If you have watched the PovertyCure DVD series or followed our blog for long, you have likely encountered an important issue called the “Missing Middle.” In his new book, Three Jobs: Bridging the Finance Gap for the Missing Middle, Chad Jordan reminds us of why small to medium enterprises (SMEs) are so key in leading developing countries out of poverty:
“SMEs are the universal building blocks of any economy. The United States is a prime example. Business Insider reports that 60-80% of new jobs in the U.S. come from small businesses [SMEs], and that 57% of the United States’ workforce is employed by small business with less than 500 employees. The biggest economy in the world is propped up by small business. Even further, research states that more than 51% [or higher] of the GDPs of so called “developed” countries are composed of SMEs, while only 16% of the GDPs of emerging nations are composed of SMEs.”
In other words, small to medium businesses are absolutely essential to creating robust employment levels in both developed and developing countries alike. The problem is that developing countries simply do not have enough SMEs to provide widespread employment and prosperity.
Why The Missing Middle Exists
After establishing why SMEs are so crucial to true economic development, Jordan explains why these same businesses cannot get access to the capital they need to scale and grow their enterprise. One big causation of the missing middle is the overemphasis on microfinance and the disregard for SME finance. Jordan states:
“What hasn’t received as much attention, however, is SME finance – it’s that sector wedged in between microfinance and full commercial access, i.e., the missing middle. As such, the sector’s banking capacity isn’t very developed – rates and collateral requirements are high while trust is low. Very few entrepreneurs in this missing middle finance gap can gain appropriate access to the growth capital they need, leaving them few options to scale.”
“That is why the missing middle is such a big problem. If an entire nation’s small businesses can’t access growth capital, the economy of that nation can never reach its potential, leaving the unemployment rates high, GDPs low, and small business stuck on a plateau.”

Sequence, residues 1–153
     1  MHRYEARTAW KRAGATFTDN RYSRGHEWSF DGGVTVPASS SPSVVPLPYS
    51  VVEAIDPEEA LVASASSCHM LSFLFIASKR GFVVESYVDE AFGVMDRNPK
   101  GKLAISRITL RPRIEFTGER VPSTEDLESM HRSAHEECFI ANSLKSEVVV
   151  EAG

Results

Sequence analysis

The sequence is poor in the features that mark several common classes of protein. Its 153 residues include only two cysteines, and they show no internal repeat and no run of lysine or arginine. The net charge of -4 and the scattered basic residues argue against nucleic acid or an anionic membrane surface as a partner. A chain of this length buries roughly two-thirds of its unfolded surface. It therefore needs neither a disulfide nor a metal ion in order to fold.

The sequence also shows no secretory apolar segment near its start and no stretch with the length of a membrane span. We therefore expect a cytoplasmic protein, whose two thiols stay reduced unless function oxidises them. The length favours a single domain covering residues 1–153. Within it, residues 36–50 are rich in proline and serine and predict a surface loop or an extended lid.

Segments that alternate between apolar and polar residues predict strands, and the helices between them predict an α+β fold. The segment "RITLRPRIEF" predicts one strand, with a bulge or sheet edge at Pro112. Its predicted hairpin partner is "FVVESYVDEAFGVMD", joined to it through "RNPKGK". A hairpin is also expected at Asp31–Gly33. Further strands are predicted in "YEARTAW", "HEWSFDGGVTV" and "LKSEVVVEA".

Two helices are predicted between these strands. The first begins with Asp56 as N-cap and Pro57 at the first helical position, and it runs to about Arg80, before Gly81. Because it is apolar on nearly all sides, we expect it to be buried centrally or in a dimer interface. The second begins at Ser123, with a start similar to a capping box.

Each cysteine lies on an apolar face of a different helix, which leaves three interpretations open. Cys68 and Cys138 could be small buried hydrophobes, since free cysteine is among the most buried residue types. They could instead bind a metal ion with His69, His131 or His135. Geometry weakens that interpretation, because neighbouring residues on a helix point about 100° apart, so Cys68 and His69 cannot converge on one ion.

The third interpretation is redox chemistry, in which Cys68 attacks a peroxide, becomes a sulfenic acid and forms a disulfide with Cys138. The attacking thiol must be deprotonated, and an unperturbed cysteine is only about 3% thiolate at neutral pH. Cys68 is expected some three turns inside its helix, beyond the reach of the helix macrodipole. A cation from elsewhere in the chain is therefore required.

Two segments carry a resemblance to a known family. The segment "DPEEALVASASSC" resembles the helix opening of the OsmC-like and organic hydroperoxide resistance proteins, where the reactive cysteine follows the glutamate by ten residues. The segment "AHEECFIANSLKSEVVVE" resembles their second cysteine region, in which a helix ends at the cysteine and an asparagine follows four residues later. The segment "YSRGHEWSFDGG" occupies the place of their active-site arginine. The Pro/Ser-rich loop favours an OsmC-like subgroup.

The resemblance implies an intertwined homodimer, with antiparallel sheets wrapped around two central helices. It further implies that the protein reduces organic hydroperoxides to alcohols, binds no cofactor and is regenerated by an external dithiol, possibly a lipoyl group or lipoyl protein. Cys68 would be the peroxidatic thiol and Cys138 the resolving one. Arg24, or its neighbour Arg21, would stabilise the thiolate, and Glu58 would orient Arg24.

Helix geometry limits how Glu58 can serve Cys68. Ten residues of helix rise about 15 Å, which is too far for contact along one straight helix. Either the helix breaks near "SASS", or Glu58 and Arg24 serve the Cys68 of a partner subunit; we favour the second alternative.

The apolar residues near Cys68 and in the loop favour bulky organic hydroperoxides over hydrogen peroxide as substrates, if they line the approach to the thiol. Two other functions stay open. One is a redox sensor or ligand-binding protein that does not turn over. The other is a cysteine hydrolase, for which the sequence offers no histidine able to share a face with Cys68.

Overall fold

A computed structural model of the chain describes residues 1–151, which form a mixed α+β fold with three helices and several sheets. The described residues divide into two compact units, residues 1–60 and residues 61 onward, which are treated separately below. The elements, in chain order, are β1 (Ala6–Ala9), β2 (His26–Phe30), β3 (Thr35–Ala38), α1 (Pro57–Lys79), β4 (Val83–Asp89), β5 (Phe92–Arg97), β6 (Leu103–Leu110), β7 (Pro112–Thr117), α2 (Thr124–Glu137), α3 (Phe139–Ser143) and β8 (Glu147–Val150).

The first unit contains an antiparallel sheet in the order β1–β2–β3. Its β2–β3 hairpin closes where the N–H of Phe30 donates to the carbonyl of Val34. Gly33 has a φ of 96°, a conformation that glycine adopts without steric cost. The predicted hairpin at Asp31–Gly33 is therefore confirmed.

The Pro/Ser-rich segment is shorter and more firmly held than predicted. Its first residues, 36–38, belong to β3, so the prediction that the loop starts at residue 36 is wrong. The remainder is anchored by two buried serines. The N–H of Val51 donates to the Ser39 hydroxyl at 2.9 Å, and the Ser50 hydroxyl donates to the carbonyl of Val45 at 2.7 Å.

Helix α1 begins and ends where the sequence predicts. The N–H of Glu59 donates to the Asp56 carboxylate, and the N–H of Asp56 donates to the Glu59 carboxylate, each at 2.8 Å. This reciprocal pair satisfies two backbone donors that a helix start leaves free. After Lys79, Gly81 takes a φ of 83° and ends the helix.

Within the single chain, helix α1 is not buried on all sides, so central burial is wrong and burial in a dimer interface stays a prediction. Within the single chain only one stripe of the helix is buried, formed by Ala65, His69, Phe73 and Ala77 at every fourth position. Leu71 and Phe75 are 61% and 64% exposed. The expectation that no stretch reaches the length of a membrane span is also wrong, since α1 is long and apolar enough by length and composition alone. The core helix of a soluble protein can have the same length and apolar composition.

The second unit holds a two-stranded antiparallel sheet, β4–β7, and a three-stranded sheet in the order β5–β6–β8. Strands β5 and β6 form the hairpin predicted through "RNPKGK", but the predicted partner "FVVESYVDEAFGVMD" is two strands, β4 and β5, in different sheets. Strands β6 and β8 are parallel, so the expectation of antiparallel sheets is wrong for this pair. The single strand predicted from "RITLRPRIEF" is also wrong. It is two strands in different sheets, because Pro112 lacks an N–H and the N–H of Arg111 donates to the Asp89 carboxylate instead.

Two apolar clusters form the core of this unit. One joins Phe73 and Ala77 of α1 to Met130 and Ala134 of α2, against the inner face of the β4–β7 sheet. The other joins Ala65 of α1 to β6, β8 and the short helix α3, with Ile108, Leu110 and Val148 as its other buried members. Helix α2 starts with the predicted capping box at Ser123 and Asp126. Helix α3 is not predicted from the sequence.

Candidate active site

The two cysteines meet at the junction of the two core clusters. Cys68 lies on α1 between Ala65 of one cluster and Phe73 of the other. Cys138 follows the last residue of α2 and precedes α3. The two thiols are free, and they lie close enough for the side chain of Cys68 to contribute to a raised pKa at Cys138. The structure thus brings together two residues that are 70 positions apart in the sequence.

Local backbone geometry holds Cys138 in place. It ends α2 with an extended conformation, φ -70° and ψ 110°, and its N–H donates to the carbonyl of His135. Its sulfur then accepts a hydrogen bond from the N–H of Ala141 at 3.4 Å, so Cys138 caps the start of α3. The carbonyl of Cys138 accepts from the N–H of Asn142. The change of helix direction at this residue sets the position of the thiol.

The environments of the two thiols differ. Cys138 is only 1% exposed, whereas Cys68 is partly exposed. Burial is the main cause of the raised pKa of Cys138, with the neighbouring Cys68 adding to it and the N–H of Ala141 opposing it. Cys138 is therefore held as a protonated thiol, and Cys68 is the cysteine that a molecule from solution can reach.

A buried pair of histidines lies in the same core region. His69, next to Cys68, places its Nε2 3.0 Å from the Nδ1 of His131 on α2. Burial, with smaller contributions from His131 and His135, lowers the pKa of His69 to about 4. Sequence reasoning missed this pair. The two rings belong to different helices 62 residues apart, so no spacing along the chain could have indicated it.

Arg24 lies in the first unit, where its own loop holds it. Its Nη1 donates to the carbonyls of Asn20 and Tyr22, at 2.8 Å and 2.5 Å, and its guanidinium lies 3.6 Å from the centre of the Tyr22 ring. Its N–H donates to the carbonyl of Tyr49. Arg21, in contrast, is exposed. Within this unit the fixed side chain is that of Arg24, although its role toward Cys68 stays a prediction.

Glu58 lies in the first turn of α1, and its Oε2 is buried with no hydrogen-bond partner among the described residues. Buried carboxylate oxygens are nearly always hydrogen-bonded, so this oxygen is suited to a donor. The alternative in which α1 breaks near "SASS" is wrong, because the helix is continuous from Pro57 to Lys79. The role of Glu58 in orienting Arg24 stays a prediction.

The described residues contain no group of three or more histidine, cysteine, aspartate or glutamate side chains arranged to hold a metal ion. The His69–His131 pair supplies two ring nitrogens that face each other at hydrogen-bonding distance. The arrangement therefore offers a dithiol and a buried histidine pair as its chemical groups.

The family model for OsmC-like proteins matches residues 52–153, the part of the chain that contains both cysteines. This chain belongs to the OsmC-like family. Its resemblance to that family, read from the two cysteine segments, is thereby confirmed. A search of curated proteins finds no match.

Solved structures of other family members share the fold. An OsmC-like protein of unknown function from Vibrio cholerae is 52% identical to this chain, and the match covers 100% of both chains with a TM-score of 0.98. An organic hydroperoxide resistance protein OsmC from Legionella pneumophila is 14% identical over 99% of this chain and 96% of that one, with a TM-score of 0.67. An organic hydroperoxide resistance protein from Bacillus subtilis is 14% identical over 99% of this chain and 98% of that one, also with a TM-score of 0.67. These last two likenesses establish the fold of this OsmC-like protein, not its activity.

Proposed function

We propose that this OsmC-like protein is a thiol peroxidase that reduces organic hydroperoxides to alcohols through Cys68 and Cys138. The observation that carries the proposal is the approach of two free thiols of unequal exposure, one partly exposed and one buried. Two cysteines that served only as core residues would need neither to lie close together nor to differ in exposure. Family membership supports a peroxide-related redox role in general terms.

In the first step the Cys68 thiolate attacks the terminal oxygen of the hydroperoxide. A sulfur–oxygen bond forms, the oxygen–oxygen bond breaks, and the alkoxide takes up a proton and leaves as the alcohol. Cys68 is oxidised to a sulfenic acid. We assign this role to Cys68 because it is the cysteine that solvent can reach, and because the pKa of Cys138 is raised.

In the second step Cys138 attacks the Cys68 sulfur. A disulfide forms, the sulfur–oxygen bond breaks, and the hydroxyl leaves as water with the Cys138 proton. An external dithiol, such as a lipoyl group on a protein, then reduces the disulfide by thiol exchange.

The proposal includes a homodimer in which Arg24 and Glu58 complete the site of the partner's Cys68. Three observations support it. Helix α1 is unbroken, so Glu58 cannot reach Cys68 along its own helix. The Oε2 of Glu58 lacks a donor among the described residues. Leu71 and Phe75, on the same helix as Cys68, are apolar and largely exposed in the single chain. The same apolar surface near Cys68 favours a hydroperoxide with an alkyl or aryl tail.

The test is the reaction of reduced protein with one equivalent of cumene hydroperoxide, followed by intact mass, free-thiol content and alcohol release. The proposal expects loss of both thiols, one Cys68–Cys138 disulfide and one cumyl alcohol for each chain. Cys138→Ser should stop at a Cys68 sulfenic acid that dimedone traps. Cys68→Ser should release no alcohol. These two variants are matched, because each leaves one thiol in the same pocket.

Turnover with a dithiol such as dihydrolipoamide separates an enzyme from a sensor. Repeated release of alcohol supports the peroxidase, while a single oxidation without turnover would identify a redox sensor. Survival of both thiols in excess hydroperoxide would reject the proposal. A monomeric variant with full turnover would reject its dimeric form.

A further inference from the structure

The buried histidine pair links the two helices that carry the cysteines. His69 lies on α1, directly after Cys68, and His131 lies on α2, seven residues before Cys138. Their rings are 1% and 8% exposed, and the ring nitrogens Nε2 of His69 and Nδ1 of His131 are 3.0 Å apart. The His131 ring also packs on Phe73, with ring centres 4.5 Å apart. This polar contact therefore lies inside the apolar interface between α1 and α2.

Arrow Global Capital’s Solution
With the problem firmly established, Jordan goes on in Three Jobs to describe how his organization, Arrow Global Capital, will seek to provide financing for the very companies who have the potential to produce the number of jobs that are desperately needed in the developing world. At risk of oversimplifying its promising model, Arrow acts as the bridge between philanthropic investors that possess capital, banks within developing nations, and “local accelerators” that train and identify the local entrepreneurs who are ready to scale. Jordan hopes that with access to previously unavailable capital, these enterprises will end up employing hundreds of people, not just a few as microloans commonly do.
Asking The Right Question
By targeting a key root of global poverty, lack of stable employment, Arrow is answering the question that should always be asked in the first place: How do we enable the material poor to create wealth for themselves, their families, and their communities? Arrow’s answer: Attack the problem of the missing middle by providing the previously inaccessible capital that will enable small to medium enterprises in developing nations that are primed and ready to grow and create the jobs the poor need and want. Solutions like these that recognize the creative capacities of people, are free of paternalism, rely on local partners for knowledge, and focus on employment, are the solutions that will truly transform the world.
Andrew Vanderput is the Strategy and Engagement Manager at PovertyCure, an initiative of the Acton Institute. Andrew comes from a diverse background in public policy, non-profits focused on international poverty, marketing, and consulting. He has long held a passion for promoting entrepreneurial solutions to poverty. He lives with his wife and two children in Grand Rapids, MI.